Nucleic acid extraction is a time-consuming, resource-intensive process, but it doesn’t have to be. Automated systems are becoming more and more accessible and often can be operated with simple “plug and play” kits, freeing valuable resources
With these systems increasingly within reach, perhaps you’re thinking about introducing automated nucleic acid extraction into your lab. As you consider your options, here’s eight reasons why we think you should automate your nucleic extraction workflows.
8 Reasons to Automate Nucleic Acid Extraction in Your Lab:
1. Reach your project milestones and publish faster.
In the fast-paced, competitive environment of research and technology development, efficiency is key to reaching project milestones and publishing your work. Managing your resources effectively–especially time–can help you reach those goals.
Time spent on manual nucleic acid extractions is time lost on parallel work, which cuts down productivity. Automation is not only often faster than manual preparations, but it also frees your team to do more valuable hands-on work.
As an example, the Maxwell® RSC cuts 40 minutes of hands-on-time per 16 samples. As the number of samples scales to 96 and beyond, liquid handlers like the Hamilton Star or Tecan Fluent can save many hours of hands-on-time per day.
2. Get more extractions done and increase your throughput.
High sample numbers require increased throughput, and scaling magnifies the benefits of automation. Automation allows costs per samples to decrease as processes scale, whereas the cost of manual preparations remains the same or increases.
“Promega helped us develop an automated system capable of handling more than a thousand samples per shift at about 40% of the original cost.”Stephanie Dormand, Molecular Supervisor at UniPath Women’s Health.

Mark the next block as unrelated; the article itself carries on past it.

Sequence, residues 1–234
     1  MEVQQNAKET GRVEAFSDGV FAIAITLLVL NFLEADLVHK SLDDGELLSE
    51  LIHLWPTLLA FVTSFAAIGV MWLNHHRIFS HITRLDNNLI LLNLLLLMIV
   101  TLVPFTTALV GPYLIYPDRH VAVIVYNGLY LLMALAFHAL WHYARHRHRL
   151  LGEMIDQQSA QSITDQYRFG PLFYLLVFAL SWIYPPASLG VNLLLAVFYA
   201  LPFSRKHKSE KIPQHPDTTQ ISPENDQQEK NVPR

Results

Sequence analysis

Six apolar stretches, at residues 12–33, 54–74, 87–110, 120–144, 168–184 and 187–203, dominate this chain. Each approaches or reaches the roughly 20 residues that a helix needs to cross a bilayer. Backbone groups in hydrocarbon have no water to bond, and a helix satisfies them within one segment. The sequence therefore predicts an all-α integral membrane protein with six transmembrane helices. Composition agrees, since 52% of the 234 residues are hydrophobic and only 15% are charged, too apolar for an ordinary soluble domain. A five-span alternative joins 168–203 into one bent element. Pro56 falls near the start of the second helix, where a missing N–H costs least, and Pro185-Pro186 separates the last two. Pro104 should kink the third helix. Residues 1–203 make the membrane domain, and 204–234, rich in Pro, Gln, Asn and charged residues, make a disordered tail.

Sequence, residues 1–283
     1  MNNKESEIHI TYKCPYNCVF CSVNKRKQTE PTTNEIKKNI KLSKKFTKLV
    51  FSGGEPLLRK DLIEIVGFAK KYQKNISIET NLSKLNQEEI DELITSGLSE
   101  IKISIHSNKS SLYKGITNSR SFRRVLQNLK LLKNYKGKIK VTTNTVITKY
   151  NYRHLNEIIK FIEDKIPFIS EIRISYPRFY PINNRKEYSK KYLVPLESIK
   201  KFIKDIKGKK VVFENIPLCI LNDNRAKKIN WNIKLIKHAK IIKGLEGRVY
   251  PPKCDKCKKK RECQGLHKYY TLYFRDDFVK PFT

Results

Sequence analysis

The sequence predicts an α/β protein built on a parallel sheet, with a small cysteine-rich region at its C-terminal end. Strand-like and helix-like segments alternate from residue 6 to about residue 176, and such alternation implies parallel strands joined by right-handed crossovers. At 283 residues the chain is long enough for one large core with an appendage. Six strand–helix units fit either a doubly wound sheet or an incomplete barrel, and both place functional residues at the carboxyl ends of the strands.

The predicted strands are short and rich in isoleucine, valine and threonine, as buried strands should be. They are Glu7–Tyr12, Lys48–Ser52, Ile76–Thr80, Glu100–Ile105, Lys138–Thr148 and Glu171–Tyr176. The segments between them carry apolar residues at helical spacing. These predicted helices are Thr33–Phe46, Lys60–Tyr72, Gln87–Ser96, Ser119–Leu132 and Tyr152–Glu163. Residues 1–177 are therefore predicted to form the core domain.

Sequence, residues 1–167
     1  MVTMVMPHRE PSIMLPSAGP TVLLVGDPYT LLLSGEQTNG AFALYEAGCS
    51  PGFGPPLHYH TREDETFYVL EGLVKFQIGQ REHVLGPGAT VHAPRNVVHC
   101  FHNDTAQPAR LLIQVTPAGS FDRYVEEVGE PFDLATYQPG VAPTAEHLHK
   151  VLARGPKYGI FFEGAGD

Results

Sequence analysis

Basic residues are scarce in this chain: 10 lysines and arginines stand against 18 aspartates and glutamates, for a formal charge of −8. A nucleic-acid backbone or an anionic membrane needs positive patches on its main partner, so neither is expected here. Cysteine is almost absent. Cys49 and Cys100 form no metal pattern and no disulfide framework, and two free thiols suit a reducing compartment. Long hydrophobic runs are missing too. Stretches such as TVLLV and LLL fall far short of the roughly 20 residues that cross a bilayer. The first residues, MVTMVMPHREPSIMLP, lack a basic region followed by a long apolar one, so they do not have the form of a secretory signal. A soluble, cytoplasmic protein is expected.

3. Increase precision and reproducibility.
Consistency in specimen processing methods is especially critical for diagnostic labs, large multi-lab and longitudinal studies and service and core labs. But human error increases as the scale of studies increase and the impact of error can be profound.
Automation is one of the tools that can improve reproducibility in the biological sciences and can limit the number of variables to consider when trying to untangle inconclusive results.
4. Avoid contamination.
Due to the precision of automated nucleic acid extraction systems, processes can be optimized to nullify the risk of contaminants downstream, especially from well-to-well cross-contamination.
5. Maximize your skilled personnel’s potential.
Are your lab’s staff scientists, post docs and lab researchers performing manual nucleic acid extractions? If they are, then you have highly skilled professionals performing relatively simple and mundane tasks, a steep labor cost for routine work.
Automated systems help your team make full use of their expertise and experience. You can foster greater satisfaction in your team by showing them that their time and skills are valued and by enabling them to work on more interesting and challenging projects.
6. Support trainees’ development.
PIs are stewards of their students’ successes and professional development. Being able to perform nucleic acid extraction is not a highly marketable skill. Free students’ and trainees’ time from mundane tasks so they can focus on research or developing more specialized skills.
7. Increase the scope of your work.
When automated systems help you get results faster with less labor, your lab can potentially analyze more parameters, include more patient samples or test more drug candidates, for example. Freed time also creates opportunities to take on other techniques and tools and to understand systems more fully with multi-omic approaches.
8. Streamline other tasks into a single automated workflow.
Steps supporting automated nucleic acid extraction can also be automated, often within the same platform. Sample management through barcode tracking, sample transfers to 96-well plates, normalization and PCR setup can all be integrated into one seamless workflow.
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